Theoretically, the HO theorem says that the exports of a capital-abundant country will be from capital-intensive industries, and labour-abundant countries will import such goods, exporting labour-intensive good in return. The Heckscher-Ohlin-Vanek (HOV) theorem generalises the HO theorem and states that a capital-abundant country exports capital services. While the HO model is a fundamental core of international trade theory, empirically, however, these theorems have been rejected over the years by many authors. Trefler (1995) argues that factor prices are not equalised across countries as the model essentially assumed. The actual factor trade volume is much smaller than what the Heckscher-Ohlin model predicts?’Missing Trade’. Trefler (1995) studies systematic deviations of the data from the theoretical predictions of HOV equations. This essay is going to outline how Trefler (1995) modifies the basic HO model in order to better explain the data and outline some of the empirical evidence presented in his modified framework.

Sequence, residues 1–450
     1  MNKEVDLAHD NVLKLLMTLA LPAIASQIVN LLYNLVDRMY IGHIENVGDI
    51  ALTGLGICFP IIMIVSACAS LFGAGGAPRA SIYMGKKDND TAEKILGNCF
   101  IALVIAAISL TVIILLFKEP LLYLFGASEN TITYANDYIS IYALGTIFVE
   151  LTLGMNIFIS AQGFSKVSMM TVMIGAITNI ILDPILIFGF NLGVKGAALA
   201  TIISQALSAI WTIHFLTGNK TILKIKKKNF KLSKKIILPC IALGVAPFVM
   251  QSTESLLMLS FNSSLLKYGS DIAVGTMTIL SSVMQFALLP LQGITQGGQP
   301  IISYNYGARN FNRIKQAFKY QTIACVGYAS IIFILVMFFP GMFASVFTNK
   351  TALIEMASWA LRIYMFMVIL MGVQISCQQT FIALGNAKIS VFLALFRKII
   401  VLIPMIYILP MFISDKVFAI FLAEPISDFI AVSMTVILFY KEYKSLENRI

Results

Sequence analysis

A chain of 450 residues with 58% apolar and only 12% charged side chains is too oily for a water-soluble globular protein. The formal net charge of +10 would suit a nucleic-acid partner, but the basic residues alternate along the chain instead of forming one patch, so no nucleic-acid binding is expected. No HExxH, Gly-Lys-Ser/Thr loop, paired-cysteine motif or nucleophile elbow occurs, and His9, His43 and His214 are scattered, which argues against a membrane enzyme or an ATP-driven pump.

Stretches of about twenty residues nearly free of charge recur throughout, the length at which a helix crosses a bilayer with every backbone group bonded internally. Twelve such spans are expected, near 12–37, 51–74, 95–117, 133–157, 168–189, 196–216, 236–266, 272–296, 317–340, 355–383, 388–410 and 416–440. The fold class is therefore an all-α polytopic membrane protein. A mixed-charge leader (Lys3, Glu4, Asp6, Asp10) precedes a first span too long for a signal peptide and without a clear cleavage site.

The HOV model comprises of four theorems?the HO theorem, factor price equalisation (FPE) theorem, the Stopler-Samuelson theorem, and Rybczynski’s theorem. The first two theorems are most relevant to explain ‘the case of missing trade.’ Trefler (1995) captures the model in the following equation:

F_fc=(V_fc-s_c V_fw ) {?(f=1,’,F@c=1,’,C)’ (1)

F_fc denotes ‘factor content of net exports’?that is the amount of fator f emobodied in a country’s exports. V_fc represents the endowment of factor f in country c. s_c is country c’s consumption share of world factor emdowments V_fc. The equation (1) above states that if country c is abundant in factor f(V_fc/V_fw>s_c), it will export such goods where the production is intensive in factor f, thus effectively exporting the services of factor f(F_fc>0). This conclusion is from the HO theorem, which is based on the assumption that countries have identical preferences. Secondly, the conclusion also has an implication of FPE theorem, supported by Davis and Weinstein (1998, p.7). FPE basically says that free trade allows relative good prices to converge and eventually leads to real factor price convergence. Therefore, as Feenstra (2004) stated, FPE implied that ‘trade in goods is a ‘perfect substitute’ for trade in factors’ and disagrees factor intensity reversals. Trefler (1995) considered the Chinese case, a country that is abundant in labour, and exports labour-intensive product, cloth. This means that China sells labour abroad, as embodied in its labour-intensive export.